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7 minutes ago, mtbiking said:

1) if they come  they won’t be here for longer than three months

2) they’ll get the vaccine either here or in all likelihood when they get back home, money to buy it is by the way not a problem even if it were necessary, which it isn’t.

3) I generally know the law and what I’m doing quite well, so you can stop the bullshit - I already gave you a chance to prove me wrong.

 

 

They are ok to travel

 

"Die Reisewarnung ist kein Reiseverbot. Reisende entscheiden in eigener Verantwortung, ob sie eine Reise antreten."

 

More info here:

 

https://www.auswaertiges-amt.de/de/ReiseUndSicherheit/covid-19/2296762

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@mtbiking ...  Contact your local Geminde and ask them their views/stance on this... 

 

I think I know where you live.. and if its right, I think your parents would be safer and better protected/cared for where you live...

 

Point two... Stop feeding that troll.. 

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Have you found the law in question yet or is your focus now on how to get a vaccine which is not compulsory and likely doesn’t really bring anything to people who already have the antibodies the vaccine develops? I’m putting you on ignore and thus making a good day a tiny bit better.

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1 minute ago, mtbiking said:

Have you found the law in question yet or is your focus now on how to get a vaccine which is not compulsory and likely doesn’t really bring anything to people who already have the antibodies the vaccine develops? Oh, and 😄 

Which law? :unsure: I never mentioned any law. 

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10 minutes ago, mtbiking said:

Have you found the law in question yet or is your focus now on how to get a vaccine which is not compulsory and likely doesn’t really bring anything to people who already have the antibodies the vaccine develops? I’m putting you on ignore and thus making a good day a tiny bit better.

 

 

Wise choice :) 

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2 minutes ago, keith2011 said:

 

Change of mind???

No... sensibillity prevails...      "Leave parents in war-zone " or bring to a relatively lesser "war zone"...

 

As a HUMAN.. you may have understood my post... But to poke fun and try and make me look like a hypocrit..  you won...    This Thursdasy clap will be for you!

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58 minutes ago, lunaCH said:

justIt has nothing to with being in Schengen or not. Ireland is in the EU but not in Schengen for example. And all non-Germans are foreigners in Germany, whether EU or non-EU. 

Obviously they don't have to quarantine if they have a negative test result that is accepted by the Germans.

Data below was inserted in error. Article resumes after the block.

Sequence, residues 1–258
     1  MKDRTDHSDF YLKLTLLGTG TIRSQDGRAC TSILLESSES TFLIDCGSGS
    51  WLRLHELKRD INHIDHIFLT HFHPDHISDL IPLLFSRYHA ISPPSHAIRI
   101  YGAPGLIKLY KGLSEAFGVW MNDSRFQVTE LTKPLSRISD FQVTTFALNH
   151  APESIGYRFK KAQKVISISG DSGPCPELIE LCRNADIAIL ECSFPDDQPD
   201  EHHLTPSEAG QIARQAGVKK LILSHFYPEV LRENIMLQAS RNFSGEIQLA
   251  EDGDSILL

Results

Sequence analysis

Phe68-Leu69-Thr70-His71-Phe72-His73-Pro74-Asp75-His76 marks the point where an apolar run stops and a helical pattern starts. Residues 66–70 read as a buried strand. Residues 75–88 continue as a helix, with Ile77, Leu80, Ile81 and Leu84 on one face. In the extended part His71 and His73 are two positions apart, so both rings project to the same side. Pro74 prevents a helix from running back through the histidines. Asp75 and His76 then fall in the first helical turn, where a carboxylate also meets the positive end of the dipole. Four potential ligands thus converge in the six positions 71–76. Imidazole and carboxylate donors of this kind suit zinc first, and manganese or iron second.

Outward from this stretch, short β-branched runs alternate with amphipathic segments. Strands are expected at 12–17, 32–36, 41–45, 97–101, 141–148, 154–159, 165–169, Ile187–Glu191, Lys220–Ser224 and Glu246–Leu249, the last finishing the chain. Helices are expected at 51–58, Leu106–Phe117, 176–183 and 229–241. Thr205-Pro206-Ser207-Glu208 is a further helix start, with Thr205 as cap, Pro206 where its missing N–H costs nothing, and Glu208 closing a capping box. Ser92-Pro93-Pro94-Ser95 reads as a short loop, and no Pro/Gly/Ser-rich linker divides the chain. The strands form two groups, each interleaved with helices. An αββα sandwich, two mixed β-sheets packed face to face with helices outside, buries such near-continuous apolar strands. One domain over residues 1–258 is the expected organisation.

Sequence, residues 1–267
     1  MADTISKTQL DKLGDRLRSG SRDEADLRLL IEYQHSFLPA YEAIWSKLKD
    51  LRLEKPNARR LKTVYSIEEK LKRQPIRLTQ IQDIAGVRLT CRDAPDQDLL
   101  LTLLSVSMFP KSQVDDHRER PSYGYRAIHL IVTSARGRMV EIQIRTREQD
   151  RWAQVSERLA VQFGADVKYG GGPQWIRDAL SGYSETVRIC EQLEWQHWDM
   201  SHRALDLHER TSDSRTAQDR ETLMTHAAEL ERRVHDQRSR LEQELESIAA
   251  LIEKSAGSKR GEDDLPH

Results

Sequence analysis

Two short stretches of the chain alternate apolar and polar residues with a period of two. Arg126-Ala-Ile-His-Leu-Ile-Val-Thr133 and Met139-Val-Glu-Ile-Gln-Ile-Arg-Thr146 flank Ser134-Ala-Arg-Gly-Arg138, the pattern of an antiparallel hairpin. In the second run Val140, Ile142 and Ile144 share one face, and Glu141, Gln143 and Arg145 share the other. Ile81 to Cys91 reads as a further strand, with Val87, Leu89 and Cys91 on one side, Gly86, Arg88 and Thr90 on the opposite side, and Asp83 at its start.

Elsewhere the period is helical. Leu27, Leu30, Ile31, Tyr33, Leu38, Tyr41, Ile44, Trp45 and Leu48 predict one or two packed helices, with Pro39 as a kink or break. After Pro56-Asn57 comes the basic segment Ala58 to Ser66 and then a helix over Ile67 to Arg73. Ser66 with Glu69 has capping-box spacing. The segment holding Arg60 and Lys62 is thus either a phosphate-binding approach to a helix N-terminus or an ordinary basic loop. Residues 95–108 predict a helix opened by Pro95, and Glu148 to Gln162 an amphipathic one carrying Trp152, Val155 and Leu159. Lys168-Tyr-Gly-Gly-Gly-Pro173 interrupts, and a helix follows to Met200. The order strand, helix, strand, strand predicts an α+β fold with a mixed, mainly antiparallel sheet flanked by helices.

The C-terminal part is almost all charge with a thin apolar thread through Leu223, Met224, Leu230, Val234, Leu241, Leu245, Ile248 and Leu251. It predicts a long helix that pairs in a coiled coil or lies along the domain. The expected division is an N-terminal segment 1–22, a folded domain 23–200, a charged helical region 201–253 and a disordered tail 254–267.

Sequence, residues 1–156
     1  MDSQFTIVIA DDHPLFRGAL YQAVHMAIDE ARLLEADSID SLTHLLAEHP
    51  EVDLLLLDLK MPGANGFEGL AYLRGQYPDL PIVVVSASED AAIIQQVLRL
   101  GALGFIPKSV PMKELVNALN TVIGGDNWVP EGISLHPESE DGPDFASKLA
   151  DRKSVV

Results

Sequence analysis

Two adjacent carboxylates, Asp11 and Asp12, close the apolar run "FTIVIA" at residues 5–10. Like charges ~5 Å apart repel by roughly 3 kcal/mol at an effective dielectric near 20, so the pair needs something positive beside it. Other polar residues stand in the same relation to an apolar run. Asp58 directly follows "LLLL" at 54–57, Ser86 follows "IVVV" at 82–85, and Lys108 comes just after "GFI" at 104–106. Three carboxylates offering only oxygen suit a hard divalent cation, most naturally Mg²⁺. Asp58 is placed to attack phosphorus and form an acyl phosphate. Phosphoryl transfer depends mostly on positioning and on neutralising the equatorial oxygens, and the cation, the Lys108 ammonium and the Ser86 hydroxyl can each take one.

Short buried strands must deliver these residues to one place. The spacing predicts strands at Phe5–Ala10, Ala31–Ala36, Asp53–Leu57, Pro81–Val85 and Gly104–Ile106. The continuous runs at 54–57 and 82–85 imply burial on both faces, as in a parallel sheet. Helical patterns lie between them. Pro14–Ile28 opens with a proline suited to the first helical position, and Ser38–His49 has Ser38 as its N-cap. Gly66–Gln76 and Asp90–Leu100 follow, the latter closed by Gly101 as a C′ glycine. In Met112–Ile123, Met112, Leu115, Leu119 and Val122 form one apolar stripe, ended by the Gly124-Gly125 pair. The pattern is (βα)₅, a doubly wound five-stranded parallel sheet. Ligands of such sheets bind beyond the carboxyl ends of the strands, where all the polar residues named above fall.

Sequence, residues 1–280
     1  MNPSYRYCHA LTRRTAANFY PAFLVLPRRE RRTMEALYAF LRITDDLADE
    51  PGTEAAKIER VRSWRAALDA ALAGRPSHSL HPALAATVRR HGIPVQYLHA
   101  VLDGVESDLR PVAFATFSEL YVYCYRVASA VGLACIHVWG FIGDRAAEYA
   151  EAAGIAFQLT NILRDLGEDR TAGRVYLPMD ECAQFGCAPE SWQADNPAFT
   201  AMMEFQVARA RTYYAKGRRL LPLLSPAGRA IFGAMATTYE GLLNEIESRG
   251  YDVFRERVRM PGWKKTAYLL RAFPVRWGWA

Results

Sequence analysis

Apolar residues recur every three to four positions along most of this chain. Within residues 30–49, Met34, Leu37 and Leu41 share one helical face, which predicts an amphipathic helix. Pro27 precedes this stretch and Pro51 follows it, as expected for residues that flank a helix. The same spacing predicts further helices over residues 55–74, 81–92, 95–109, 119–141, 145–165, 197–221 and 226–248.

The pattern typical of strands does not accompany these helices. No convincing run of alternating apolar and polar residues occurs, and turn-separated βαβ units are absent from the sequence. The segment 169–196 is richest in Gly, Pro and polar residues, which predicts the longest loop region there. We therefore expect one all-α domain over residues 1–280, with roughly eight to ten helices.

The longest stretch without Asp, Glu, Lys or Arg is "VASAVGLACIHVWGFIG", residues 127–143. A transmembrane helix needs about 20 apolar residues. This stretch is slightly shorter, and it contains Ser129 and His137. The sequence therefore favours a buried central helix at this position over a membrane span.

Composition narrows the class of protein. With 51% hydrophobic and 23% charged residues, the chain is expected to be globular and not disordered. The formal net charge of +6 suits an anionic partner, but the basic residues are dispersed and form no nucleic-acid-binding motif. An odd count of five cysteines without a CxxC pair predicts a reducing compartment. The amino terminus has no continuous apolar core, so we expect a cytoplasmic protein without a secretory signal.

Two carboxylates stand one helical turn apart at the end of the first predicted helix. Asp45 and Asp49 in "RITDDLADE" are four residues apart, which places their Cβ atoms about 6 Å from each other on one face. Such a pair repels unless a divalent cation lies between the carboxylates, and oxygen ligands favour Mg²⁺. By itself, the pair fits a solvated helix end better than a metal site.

They are supposed to register with the Gemeinde though, IF they intend to stay for more than 90 days, regardless of nationality, otherwise how will they get the vaccine? Unless you can buy it. 

As for not being allowed to travel to Germany, you need to check the restrictions shorty before purchasing tickets and travelling so as not to be caught out. Restrictions can change from one day to the next depending on outbreaks and mutations, as we have seen recently. :) 

 

Whatever the situation, the general advice/recommendation is to avoid all unnecessary travel to prevent further spreading. ;) 

Getting crazy now for travelling over borders & testing now (although I am all for safe travel) - I figured going over to UK for two week visit to see close of kin will now  involve 4 tests costing around Euro 250- one before departure, another 5 days after self isolation if want to finish it early and then coming back to Germany another test before departure and another 5 days after if you cannot self isolate for longer. I think they are all cheaper faster antigen tests although UK authorities insist on expensive longer PCR test seen quoted at Euro 150, why the inconsistenty?? I am curious if anyone is stll considering going travelling nowdays across borders with this excruciating testing regime

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U.S. loses 140,000 jobs in December. First decline in eight months stems from record coronavirus surge

 

Quote

The U.S. lost jobs in December for the first time in eight months as the coronavirus bore down on the economy again and forced businesses to resort to more layoffs.

The government and private sector shed 140,000 jobs last month, the Bureau of Labor Statistics said Friday.

The decline in employment was the first since last April, when the U.S. lost a gargantuan 20.8 million jobs in that one month alone.

The economy is still missing some 10 million jobs that existed before the onset of the pandemic, with little prospect that they’ll be recovered any time soon.

 

Another failure of planning and effort by a Republican POTUS leaves a cleanup for a Democratic one. Nothing new there. The GOP is the epitome of failed social and economic policy.

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22 minutes ago, burningtiger said:

I think they are all cheaper faster antigen tests although UK authorities insist on expensive longer PCR test

 

Because the faster tests give too many false negatives.